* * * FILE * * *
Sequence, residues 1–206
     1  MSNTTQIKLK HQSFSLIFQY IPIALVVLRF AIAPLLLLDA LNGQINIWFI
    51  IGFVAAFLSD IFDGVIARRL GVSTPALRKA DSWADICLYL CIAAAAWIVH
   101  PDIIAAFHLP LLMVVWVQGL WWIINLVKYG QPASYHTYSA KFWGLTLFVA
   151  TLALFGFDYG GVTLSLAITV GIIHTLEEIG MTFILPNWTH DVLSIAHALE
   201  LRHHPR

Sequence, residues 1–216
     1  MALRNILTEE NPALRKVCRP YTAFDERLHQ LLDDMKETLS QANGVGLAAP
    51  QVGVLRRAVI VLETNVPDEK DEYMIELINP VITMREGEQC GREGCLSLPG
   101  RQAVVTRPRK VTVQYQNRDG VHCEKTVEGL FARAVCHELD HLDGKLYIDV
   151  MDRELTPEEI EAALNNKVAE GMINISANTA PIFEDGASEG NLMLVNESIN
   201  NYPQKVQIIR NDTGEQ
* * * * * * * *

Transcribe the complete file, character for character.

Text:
Sequence, residues 1–206
     1  MSNTTQIKLK HQSFSLIFQY IPIALVVLRF AIAPLLLLDA LNGQINIWFI
    51  IGFVAAFLSD IFDGVIARRL GVSTPALRKA DSWADICLYL CIAAAAWIVH
   101  PDIIAAFHLP LLMVVWVQGL WWIINLVKYG QPASYHTYSA KFWGLTLFVA
   151  TLALFGFDYG GVTLSLAITV GIIHTLEEIG MTFILPNWTH DVLSIAHALE
   201  LRHHPR

Sequence, residues 1–216
     1  MALRNILTEE NPALRKVCRP YTAFDERLHQ LLDDMKETLS QANGVGLAAP
    51  QVGVLRRAVI VLETNVPDEK DEYMIELINP VITMREGEQC GREGCLSLPG
   101  RQAVVTRPRK VTVQYQNRDG VHCEKTVEGL FARAVCHELD HLDGKLYIDV
   151  MDRELTPEEI EAALNNKVAE GMINISANTA PIFEDGASEG NLMLVNESIN
   201  NYPQKVQIIR NDTGEQ